Portage County's only Medal of Honor winner
- Rank and organization: Private, U.S. Army, Company D, 124th Machine Gun Battalion, 33d Division.
- Born: 23 February 1896, Plover, Wis.
- Entered service at: Madison, Wis.
- Place and date: Near Consenvoye, France, 8 October 1918.
- G.O. No.: 16, W.D., 1919.
- Citation: Observing German soldiers under cover 50 yards away on the left flank, Pvt. Slack, upon his own initiative, rushed them with his rifle and, single-handed, captured 10 prisoners and 2 heavy-type machine guns, thus saving his company and neighboring organizations from heavy casualties.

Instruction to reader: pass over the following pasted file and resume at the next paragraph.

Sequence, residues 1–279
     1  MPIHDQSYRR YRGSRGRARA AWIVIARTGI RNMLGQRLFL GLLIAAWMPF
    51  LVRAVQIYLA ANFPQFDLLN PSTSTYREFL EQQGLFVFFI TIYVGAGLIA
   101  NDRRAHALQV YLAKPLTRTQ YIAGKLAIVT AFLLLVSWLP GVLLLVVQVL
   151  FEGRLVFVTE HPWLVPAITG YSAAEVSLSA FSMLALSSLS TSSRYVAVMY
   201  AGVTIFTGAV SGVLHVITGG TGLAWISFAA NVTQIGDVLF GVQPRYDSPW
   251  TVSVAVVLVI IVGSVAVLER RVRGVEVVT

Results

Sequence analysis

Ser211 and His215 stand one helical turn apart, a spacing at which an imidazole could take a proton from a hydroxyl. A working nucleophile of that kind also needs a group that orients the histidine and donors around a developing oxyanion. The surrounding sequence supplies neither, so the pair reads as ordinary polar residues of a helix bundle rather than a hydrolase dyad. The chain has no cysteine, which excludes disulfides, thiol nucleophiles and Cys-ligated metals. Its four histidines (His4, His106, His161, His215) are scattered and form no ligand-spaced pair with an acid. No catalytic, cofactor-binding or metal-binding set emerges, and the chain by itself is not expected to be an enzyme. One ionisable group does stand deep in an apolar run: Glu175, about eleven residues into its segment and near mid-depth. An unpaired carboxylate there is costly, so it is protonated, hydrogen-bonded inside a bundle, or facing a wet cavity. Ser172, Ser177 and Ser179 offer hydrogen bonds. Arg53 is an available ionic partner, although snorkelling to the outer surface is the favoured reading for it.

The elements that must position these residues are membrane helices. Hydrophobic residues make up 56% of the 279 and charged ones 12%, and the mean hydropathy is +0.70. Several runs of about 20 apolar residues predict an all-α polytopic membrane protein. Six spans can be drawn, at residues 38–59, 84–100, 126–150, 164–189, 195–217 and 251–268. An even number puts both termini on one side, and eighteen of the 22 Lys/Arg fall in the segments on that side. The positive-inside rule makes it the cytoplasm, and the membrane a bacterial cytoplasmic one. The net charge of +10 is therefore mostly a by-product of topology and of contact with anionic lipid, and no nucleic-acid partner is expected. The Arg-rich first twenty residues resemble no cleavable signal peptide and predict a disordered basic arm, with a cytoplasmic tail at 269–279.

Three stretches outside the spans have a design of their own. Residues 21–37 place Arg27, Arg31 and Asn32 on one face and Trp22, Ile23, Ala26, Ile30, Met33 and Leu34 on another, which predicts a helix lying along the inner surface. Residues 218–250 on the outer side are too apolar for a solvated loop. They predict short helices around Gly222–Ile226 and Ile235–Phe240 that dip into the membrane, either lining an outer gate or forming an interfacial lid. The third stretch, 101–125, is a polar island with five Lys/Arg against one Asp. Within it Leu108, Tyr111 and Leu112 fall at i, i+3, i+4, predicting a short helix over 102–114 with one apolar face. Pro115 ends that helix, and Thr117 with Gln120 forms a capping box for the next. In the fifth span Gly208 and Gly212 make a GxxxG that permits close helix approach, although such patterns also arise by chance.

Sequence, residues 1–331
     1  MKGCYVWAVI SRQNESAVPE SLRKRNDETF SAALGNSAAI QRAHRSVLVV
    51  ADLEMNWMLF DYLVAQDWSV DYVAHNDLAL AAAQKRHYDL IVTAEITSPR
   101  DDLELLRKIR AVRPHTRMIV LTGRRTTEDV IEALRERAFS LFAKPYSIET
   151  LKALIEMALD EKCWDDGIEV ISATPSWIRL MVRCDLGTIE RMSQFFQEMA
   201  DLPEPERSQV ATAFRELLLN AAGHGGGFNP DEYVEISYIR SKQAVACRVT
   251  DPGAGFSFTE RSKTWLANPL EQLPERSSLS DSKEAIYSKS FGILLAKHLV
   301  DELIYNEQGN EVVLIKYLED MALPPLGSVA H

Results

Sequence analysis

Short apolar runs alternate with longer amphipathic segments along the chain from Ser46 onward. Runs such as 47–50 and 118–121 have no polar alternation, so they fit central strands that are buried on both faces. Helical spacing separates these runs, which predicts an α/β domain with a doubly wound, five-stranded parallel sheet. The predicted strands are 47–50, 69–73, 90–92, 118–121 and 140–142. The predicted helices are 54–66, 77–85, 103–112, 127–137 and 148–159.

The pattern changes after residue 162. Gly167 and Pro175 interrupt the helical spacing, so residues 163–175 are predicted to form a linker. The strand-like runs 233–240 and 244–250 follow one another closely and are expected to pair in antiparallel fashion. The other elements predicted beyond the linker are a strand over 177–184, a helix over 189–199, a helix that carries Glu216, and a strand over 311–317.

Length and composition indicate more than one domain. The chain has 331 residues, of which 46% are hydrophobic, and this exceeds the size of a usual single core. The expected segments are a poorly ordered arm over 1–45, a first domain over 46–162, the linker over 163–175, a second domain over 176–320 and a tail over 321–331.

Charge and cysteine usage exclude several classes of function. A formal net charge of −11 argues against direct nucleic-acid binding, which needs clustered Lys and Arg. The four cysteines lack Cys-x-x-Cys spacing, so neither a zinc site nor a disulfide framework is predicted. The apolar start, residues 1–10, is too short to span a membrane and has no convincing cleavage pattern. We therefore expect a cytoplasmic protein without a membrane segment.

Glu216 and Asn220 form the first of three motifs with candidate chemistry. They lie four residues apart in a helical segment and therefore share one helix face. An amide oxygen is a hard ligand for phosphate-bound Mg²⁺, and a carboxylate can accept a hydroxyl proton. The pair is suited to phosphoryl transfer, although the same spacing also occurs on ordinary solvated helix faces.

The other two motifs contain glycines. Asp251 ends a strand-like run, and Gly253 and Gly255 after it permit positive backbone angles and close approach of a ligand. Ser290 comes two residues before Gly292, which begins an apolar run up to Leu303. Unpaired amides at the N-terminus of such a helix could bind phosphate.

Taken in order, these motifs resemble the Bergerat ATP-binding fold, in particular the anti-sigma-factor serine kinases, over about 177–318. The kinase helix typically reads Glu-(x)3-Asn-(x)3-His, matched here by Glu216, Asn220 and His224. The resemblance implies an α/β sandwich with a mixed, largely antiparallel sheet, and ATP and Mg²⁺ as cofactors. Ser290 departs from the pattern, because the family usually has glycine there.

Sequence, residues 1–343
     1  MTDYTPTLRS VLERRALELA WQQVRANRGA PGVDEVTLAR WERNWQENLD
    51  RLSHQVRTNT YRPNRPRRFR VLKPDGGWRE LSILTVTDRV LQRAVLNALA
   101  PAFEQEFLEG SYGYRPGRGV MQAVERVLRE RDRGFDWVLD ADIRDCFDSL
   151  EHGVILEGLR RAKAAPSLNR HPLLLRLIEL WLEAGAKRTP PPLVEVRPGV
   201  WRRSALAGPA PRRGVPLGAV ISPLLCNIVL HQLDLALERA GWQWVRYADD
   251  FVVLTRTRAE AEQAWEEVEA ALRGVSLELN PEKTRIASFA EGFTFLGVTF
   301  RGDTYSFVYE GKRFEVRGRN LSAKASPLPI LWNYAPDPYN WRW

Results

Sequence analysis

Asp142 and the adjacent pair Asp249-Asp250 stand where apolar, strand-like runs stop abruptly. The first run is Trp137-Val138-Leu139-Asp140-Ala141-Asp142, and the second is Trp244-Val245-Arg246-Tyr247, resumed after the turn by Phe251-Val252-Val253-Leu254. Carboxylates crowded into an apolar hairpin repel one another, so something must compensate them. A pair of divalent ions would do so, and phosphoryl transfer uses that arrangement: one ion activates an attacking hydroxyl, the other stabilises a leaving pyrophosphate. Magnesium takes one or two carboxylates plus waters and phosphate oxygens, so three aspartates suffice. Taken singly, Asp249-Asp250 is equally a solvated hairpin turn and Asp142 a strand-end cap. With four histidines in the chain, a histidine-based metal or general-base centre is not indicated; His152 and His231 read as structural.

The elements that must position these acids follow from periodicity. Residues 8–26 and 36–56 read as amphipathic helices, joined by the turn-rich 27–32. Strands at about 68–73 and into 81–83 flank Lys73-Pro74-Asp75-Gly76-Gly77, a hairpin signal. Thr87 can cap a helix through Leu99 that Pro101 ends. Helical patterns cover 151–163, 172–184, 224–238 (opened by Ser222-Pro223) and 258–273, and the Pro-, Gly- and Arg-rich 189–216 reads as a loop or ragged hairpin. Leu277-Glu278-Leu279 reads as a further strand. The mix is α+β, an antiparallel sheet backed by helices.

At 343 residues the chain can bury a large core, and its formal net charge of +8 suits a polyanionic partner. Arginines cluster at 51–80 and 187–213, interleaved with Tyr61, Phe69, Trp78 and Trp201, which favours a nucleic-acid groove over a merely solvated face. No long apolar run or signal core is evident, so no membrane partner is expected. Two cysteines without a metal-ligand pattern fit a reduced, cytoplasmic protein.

The day is October 8, 1918, and American troops are embroiled in the biggest battle of World War I they have yet encountered--a confrontation in the Dead Man's Hill area of the Meuse-Argonne. A regiment from the 33rd Illinois National Guard is massing on the front line near that Verdun, France hill when a 22-year-old private, a machine-gunner, spots two German soldiers dashing into nearby brush. The young soldier, fearing the enemy brush dodgers might be machine-gunners who could mow down the U.S troops when they reach an open field, quickly report s to his sergeant with his information, only to be told his information would be relayed to headquarters. The young private protests contending something has to or done before the enemy establishes a foothold. And the sergeant replies, "If you're so damn brave, go after them yourself."